Regardless of whether a univariate or multivariate model is being considered, it must be tested for compatibility with the observed data. One possible test applicable to point process models, such as spike trains, is based on the time-rescaling theorem. This theorem and the associated test were introduced by Brown et al. to the neuroscientific community to evaluate univariate models, that is, models of single-neuron spike trains (Brown, Barbieri, Ventura, Kass, & Frank, 2002).4 The theorem is a special case of the theorems discussed by Meyer (1971) and Papangelou (1972) and has been applied to point process models in other scientific areas since then, for example, seismology (Ogata, 1988). We now briefly review the univariate version of the time-rescaling theorem before presenting the multivariate version and describing a new procedure for using the theorem to test multivariate models.
Beyond being uniformly distributed, the zns also have to be independent of each other. Since the independence of the quantities of a time series is hard to estimate, analysis is usually constrained to look for dependencies between subsequent intervals via a scatter plot or inspecting the autocorrelation structure of interspike interval lengths (Truccolo et al., 2005). For a scatter plot, zn+1 is plotted against zn, and in case of independence, the points should uniformly fill the unit area.
Any of these tests is designed to detect a specific departure of the rescaled times from the Poisson structure. Passing all tests is no guarantee that the rescaled times are indeed Poissonian. For example, noting that the (linear) autocorrelation between intervals up to a certain lag is not significantly different from zero implies neither uncorrelatedness for arbitrary lags nor independence, since uncorrelatedness is a weaker condition than independence; hence, intervals could be uncorrelated but still dependent (see the recent developments on copula models by Onken, Grünewälder, Munk, & Obermayer, 2009, as an example of neuroscientific relevance).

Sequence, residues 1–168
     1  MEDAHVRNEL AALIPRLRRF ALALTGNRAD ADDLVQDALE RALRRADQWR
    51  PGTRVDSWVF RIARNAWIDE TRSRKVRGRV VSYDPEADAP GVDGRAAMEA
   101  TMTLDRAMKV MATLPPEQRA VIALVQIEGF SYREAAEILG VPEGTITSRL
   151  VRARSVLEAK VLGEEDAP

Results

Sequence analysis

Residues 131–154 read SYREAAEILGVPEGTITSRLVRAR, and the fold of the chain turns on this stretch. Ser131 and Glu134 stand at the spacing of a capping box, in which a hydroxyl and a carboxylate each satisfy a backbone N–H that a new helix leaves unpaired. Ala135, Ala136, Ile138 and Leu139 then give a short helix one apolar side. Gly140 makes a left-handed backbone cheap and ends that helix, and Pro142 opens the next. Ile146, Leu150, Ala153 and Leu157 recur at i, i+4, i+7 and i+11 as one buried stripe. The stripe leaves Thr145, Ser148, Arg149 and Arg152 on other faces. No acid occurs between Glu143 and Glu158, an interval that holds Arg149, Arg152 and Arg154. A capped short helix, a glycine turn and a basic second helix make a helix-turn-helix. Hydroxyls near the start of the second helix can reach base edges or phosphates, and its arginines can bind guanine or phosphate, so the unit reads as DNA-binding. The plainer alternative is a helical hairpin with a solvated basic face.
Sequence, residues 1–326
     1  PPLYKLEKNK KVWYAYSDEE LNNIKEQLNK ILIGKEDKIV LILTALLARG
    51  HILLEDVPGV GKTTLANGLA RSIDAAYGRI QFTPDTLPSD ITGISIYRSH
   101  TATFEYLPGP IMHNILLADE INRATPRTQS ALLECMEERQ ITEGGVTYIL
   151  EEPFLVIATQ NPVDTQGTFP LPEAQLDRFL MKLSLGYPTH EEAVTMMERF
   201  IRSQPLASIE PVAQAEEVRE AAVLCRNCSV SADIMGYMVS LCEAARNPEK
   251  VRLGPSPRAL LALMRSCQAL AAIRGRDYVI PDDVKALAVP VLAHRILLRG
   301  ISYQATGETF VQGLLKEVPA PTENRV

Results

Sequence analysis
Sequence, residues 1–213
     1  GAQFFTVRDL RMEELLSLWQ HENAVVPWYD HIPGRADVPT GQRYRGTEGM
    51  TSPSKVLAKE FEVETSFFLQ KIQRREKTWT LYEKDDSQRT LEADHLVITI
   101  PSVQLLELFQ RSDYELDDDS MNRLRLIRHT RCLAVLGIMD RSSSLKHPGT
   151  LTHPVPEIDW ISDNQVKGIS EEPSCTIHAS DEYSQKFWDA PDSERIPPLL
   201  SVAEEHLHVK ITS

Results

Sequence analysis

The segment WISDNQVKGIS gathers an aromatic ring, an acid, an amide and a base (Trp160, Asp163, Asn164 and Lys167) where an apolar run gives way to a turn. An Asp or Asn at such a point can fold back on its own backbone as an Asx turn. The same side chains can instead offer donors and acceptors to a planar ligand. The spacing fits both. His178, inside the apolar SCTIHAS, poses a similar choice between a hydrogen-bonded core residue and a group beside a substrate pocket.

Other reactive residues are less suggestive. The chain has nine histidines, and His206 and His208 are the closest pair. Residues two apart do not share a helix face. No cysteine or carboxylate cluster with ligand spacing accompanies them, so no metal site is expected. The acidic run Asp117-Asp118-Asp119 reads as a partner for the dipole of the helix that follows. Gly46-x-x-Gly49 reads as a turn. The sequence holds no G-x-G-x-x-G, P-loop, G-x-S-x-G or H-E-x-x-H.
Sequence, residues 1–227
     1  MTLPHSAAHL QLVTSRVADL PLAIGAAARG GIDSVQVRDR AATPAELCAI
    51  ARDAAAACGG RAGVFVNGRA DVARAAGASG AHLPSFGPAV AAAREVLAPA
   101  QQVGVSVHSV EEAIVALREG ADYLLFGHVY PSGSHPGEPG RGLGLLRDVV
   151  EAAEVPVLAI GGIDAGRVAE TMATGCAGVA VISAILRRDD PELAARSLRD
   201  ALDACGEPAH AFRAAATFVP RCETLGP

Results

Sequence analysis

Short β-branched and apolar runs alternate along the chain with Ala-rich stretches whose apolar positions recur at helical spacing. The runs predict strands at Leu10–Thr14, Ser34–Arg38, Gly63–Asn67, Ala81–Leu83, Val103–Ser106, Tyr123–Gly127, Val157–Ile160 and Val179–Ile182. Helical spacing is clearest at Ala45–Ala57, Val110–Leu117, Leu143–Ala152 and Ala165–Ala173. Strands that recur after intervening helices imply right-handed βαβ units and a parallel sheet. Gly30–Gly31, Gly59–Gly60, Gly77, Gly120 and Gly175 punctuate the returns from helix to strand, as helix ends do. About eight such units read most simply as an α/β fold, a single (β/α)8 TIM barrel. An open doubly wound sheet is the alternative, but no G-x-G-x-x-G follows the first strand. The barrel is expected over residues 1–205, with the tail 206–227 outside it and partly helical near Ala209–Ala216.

The KS test that is used to test the exponentiality of the rescaled intervals is adapted from the original work of Brown et al. (2002). However, we note that the KS test is not the only one suitable for comparing a set of samples with a proposed theoretical distribution (for a review, see Cox, 1955; Cox & Lewis, 1966; Naus, 1979). One possibility is the test, which, however, requires more samples and is less powerful than the KS test (Lilliefors, 1969; Massey, 1951). An alternative would be to plot confidence bounds based on the probability of individual data points to deviate from the diagonal, rather than testing the maximal deviance as in the KS test. More alternatives have been formulated, for example, by using the Anderson-Darling (Anderson & Darling, 1952), Kuiper (1962), or Cramer–von Mises statistics (Anderson, 1962). One may ask why there is such a variety of different tests. The answer is simple: There are many alternative hypotheses, against the null hypothesis, which states that the samples come from a given distribution. Generally, possible deviances are even more extensive for the hypothesis of a Poisson process. Each test is particularly sensitive to certain alternative hypotheses. A goodness-of-fit procedure should reject proposed models across a broad range of possible deviances from the true model. For this purpose, the KS statistics have been proven to be robust. If, however, the expected shape of the deviance is known, other tests than the KS test might be more powerful (Daley & Vere-Jones, 2002).